Twenty years ago, a data room was sometimes exactly that: a place in which reams of critical fund information were stored. Investors wanting to perform due diligence on a manager might have spent hours poring over files in order to find the information they sought.
Today, data rooms are online repositories, revolutionising the way in which limited partners decide fund investments and streamlining the entire fundraising process. The rampant growth of new technologies could mean fundraising undergoes an equally significant change over the next decade.
Some managers see retail investors as the holy grail of fundraising. The relatively untapped market can be lucrative for those with the resources to do so; Blackstone’s private wealth unit had more than $60 billion of assets under management as of November and typically contributes 15 percent of each flagship vehicle raised.
Retail investors are a difficult nut to crack. Doing so is time- and resource-intensive as retail advisors are not always familiar with the intricacies of private markets, meaning Blackstone needs to spend time on the road educating the intermediary on the fundamentals of alternative assets and the various liquidity options available before meeting with its clients.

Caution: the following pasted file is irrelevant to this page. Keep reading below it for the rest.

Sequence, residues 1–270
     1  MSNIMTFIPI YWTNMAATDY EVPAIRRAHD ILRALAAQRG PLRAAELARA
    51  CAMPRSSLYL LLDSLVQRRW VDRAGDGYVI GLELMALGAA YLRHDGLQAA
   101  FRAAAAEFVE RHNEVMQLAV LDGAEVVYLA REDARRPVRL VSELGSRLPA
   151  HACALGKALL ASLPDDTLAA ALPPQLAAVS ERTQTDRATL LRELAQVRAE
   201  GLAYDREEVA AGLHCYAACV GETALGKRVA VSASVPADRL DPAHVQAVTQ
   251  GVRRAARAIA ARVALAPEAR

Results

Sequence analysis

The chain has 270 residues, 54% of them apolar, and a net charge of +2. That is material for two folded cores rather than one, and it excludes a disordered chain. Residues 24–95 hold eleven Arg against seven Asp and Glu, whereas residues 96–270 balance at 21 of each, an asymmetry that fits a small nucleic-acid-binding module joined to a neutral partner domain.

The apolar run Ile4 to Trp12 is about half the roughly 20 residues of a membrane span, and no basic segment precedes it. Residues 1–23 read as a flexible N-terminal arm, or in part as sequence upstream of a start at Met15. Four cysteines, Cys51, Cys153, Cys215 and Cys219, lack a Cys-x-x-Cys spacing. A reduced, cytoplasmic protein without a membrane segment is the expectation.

Some believe technology will be key to unlocking this pool of capital on a grand scale. Hong Kong-based Privatemarket Technologies, for instance, is a distribution platform for alternative investment funds that collects and commits capital from family offices and accredited investors that cannot reach a fund’s minimum ticket size. It has invested $100 million across seven funds since 2016 and its clients have around $2.3 billion to invest in private equity.
“Fintech could help managers tap the growing retail market,” Niklas Amundsson, managing director at placement agent Monument Group, says. “A handful of players already offer private equity to retail investors, but technology could make it more widely available. Private banks may launch asset management apps that would let you access the asset class on your mobile phone.”
Online platforms could take different forms. “It could be nothing more than a platform where investors are made aware of who’s fundraising, or it could evolve into a platform that pools capital to commit to a fund,” notes Darren Bowdern, head of financial services – tax at KPMG China, who assists clients on establishing direct investment, private equity and other investment funds in Hong Kong.
Such tools would carry a number of benefits for private equity. “Online platforms will certainly lower the cost of fundraising, for example by minimising the number of international investor roadshows,” says James Donnan, managing director at fund administration business Intertrust.
“Online fundraising platforms will also enable better access to information and drive greater transparency on aspects like investment strategy, project information and past performance.”
Staying in touch